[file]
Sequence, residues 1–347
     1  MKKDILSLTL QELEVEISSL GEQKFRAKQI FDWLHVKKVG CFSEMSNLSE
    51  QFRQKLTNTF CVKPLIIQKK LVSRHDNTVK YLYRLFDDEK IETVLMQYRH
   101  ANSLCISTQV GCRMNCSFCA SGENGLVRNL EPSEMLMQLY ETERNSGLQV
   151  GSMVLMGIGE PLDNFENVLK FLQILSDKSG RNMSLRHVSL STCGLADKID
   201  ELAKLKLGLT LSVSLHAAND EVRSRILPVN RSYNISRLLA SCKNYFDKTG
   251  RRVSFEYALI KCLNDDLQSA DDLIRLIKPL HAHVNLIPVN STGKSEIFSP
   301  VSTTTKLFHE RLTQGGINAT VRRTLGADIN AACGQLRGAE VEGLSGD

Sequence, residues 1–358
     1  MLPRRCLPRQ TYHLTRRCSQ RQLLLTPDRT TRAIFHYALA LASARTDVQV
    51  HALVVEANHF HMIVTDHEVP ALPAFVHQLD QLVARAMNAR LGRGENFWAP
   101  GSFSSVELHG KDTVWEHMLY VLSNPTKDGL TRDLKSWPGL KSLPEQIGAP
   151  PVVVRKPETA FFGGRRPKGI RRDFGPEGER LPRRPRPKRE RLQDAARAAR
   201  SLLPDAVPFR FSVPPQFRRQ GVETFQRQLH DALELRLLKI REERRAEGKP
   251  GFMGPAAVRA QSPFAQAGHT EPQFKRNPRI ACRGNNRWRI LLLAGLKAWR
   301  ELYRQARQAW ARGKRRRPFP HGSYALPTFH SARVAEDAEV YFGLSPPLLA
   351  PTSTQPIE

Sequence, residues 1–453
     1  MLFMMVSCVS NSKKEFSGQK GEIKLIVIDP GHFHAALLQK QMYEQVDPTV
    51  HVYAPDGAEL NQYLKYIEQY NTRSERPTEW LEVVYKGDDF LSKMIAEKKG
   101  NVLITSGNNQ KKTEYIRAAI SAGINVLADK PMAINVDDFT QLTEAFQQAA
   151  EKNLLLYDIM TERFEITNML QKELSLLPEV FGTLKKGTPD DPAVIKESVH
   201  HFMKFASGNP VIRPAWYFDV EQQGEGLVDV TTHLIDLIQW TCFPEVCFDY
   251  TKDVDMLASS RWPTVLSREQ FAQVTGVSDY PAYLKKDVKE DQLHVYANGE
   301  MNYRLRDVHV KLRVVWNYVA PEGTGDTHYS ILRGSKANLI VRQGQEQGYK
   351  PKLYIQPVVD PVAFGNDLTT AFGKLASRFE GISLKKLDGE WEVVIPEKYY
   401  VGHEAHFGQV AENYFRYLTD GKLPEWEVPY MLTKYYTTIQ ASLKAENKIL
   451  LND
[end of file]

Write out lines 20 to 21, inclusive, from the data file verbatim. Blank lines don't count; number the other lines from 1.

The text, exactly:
    51  HVYAPDGAEL NQYLKYIEQY NTRSERPTEW LEVVYKGDDF LSKMIAEKKG
   101  NVLITSGNNQ KKTEYIRAAI SAGINVLADK PMAINVDDFT QLTEAFQQAA